People suffering from the most common form of diabetes could sharply cut their risk for heart attacks and strokes by taking a cholesterol-lowering drug even if they have normal cholesterol levels, according to a major new study.
The study of more than 2,800 patients with Type 2 diabetes found that those who took the cholesterol drug Lipitor were more than one-third less likely to have a heart attack, nearly half as likely to have a stroke and about one-third less likely to die from any form of cardiovascular disease.
"This is a landmark study with watertight data showing clear evidence of a benefit that warrants people to really look at their treatment of this group of patients," said the study's lead author, Helen Colhoun, a professor at University College Dublin. The study was terminated two years early because the results were so striking.
Most other experts agreed, saying the findings provide the most convincing evidence yet that most diabetics should consider taking the drugs regardless of their cholesterol levels. The research is the latest in a series of studies showing that the widely popular class of cholesterol-lowering drugs called statins could benefit far more people than are taking them.
"This is another extraordinary result," said Peter Libby, a Harvard Medical School cardiologist.
Although the study, being published in Saturday's issue of the Lancet medical journal, received some funding from Lipitor's maker, Pfizer Inc., it was supported primarily by the British government and the British equivalent of the American Diabetes Association and conducted independently of the company, Colhoun said.
About 17 million Americans suffer from Type 2 diabetes, which has been increasing rapidly in the United States because of the rising number of people who are overweight. Doctors have long known that diabetes sharply increases the risk for heart attacks and strokes, but patients generally do not take statins unless they have high cholesterol levels.
Evidence has been mounting, however, that many diabetics could benefit from the drugs even if their cholesterol levels fall within what is considered normal under current guidelines. A panel of experts assembled by the U.S. government last month recommended that millions more Americans at risk for heart disease for any reason consider taking the drugs to reduce their risk, including many diabetics.
The move was based on accumulating evidence that there is added benefit to driving cholesterol levels -- especially levels of LDL cholesterol, the "bad" cholesterol -- lower than what has traditionally been considered normal. In addition, a growing body of evidence suggests that statins may cut the risk for heart attacks and strokes in other ways, such as reducing inflammation in the body or improving blood vessel function.
But specific recommendations for diabetics have been cautious and mixed because none of the studies suggesting there may be a benefit was specifically designed to examine that question.
The new study is the first aimed at testing whether a statin could help diabetics. Researchers gave 2,838 Type 2 diabetics at 132 centers in Britain and Ireland with normal cholesterol levels either 10 milligrams of Lipitor or a placebo every day.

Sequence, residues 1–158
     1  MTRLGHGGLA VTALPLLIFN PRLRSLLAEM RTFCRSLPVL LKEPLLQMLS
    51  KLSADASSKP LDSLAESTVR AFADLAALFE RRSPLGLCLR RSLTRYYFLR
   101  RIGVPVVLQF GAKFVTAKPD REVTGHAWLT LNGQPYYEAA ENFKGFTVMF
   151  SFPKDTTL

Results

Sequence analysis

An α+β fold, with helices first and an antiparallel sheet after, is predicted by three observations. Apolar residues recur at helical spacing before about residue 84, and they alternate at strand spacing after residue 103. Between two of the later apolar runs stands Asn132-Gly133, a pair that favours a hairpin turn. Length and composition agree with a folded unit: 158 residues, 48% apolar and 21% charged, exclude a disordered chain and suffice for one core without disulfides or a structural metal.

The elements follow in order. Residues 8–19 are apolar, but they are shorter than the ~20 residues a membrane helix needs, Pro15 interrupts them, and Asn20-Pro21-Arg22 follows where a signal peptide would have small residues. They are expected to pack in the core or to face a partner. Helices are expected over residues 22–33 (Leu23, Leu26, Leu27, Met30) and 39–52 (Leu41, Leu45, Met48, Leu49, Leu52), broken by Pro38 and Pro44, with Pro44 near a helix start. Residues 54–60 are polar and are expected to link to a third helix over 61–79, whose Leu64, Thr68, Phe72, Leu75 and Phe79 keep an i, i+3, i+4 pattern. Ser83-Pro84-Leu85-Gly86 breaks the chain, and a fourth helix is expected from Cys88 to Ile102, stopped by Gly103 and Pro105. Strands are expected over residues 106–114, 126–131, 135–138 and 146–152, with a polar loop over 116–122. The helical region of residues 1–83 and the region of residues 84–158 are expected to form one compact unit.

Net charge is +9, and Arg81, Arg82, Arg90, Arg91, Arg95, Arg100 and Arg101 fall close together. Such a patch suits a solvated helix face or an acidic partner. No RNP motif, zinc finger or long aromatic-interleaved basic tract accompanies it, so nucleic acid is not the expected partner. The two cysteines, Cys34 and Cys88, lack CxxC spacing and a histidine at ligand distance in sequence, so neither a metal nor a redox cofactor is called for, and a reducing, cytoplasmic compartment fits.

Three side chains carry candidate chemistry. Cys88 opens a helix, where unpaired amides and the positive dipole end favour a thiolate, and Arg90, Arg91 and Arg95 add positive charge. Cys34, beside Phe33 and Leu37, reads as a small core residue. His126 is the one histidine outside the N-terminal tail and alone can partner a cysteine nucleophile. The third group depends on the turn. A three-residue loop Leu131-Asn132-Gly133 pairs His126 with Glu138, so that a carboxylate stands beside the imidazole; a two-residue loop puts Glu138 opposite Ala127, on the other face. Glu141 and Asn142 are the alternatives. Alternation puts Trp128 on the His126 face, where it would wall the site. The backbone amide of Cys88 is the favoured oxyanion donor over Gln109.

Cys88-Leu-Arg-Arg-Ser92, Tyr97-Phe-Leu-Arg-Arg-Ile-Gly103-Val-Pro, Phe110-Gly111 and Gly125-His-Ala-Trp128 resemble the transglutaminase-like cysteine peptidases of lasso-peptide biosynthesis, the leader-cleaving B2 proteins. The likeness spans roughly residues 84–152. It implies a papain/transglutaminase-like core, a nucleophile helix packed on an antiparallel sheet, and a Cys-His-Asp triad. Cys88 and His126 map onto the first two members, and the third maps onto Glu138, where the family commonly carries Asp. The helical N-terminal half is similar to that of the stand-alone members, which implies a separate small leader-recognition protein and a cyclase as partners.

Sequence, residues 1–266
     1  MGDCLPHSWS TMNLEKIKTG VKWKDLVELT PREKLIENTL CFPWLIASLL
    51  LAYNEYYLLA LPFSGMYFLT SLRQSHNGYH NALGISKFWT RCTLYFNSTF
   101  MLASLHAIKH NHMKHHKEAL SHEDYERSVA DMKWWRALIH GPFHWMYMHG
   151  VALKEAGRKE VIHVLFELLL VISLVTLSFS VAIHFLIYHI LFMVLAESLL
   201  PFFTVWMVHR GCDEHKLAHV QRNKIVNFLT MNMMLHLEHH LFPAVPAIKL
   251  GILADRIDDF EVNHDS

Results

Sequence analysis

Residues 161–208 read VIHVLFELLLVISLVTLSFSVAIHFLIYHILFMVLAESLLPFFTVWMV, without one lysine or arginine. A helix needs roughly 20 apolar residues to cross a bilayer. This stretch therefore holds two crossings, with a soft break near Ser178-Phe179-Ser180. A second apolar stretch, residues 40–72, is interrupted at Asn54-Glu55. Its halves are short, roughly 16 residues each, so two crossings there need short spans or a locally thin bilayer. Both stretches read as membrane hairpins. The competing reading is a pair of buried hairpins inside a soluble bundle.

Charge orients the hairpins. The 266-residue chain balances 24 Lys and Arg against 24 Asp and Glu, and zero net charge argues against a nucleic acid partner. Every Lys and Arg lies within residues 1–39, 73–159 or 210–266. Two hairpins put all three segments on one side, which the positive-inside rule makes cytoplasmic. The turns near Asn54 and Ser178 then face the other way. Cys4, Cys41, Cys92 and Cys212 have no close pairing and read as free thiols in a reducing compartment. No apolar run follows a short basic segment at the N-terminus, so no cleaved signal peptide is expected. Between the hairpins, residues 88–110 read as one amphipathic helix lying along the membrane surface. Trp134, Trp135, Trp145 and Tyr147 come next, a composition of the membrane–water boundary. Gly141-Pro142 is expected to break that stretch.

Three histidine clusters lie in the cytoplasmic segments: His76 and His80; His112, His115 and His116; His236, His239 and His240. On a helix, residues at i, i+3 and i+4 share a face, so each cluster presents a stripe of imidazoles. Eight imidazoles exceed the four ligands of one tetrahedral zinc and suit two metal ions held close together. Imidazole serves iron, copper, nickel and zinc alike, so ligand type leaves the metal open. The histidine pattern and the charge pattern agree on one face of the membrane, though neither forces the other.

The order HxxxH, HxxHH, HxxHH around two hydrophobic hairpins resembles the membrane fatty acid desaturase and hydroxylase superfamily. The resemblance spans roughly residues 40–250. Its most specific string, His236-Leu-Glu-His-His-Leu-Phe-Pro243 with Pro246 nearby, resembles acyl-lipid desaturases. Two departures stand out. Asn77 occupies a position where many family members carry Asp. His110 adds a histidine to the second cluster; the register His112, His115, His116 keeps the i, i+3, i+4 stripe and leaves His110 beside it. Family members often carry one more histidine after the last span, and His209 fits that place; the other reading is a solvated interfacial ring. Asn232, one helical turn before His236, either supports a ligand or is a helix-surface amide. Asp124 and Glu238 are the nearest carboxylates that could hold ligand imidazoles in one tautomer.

After an average of four years, those taking Lipitor were 36 percent less likely to have had a heart attack or have died suddenly because of their hearts stopping, 48 percent less likely to have had a stroke and 37 percent less likely to have suffered any serious adverse cardiovascular event. The study was terminated two years early so participants could be notified and get the benefit of treatment, which appeared to begin after only about a year of treatment.
"It's been controversial whether for diabetics who don't have high cholesterol it's worthwhile lowering their cholesterol. What we've shown is that even those at the bottom of the levels for cholesterol have exactly the same benefit as those at the higher levels," Colhoun said. "What we're saying is that anyone with Type 2 diabetes should be considered for therapy."
Not everyone agreed. In an editorial accompanying the study, Abhimanyu Garg, a professor of medicine at the University of Texas Southwestern Medical Center in Dallas, said it is premature to recommend cholesterol drugs for all diabetics.
"You can't generalize your recommendations based on one trial," Garg said in a telephone interview. "A lot of people are going very fast to drug therapy. We should make all efforts to lower cholesterol by dietary means, by exercising, by weight loss, before we take the step of treating patients with cholesterol-lowering drugs."
Other experts agreed that lifestyle changes should be tried first but added that the findings are so compelling that more doctors and their patients should at least consider drugs.
"I think most people have now come around to the view that cholesterol-lowering is quite important in diabetes," said Scott Grundy, who works with Garg at the University of Texas Southwestern Medical Center and headed the federal panel that recently issued new guidelines on cholesterol lowering.
Eric Topol, a cardiologist at the Cleveland Clinic, agreed, calling Garg's editorial "completely off base."
"This shows a striking benefit," Topol said. "This trial is a really big step forward in terms of demonstrating without any question the benefits of statins among . . . diabetics."
The American Diabetes Association will consider the new findings when it issues new guidelines in January on the use of cholesterol drugs for diabetics, said Nathaniel Clark, the group's vice president of clinical affairs.